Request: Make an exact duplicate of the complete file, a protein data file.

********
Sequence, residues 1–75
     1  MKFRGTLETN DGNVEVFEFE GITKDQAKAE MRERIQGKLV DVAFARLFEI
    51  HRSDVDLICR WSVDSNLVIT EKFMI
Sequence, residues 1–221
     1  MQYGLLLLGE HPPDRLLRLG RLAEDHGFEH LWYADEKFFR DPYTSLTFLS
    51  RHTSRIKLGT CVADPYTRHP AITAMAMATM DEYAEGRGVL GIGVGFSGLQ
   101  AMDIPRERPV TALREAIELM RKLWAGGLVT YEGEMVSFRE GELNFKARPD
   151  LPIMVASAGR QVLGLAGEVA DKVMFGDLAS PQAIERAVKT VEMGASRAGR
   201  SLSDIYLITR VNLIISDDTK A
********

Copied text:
Sequence, residues 1–75
     1  MKFRGTLETN DGNVEVFEFE GITKDQAKAE MRERIQGKLV DVAFARLFEI
    51  HRSDVDLICR WSVDSNLVIT EKFMI
Sequence, residues 1–221
     1  MQYGLLLLGE HPPDRLLRLG RLAEDHGFEH LWYADEKFFR DPYTSLTFLS
    51  RHTSRIKLGT CVADPYTRHP AITAMAMATM DEYAEGRGVL GIGVGFSGLQ
   101  AMDIPRERPV TALREAIELM RKLWAGGLVT YEGEMVSFRE GELNFKARPD
   151  LPIMVASAGR QVLGLAGEVA DKVMFGDLAS PQAIERAVKT VEMGASRAGR
   201  SLSDIYLITR VNLIISDDTK A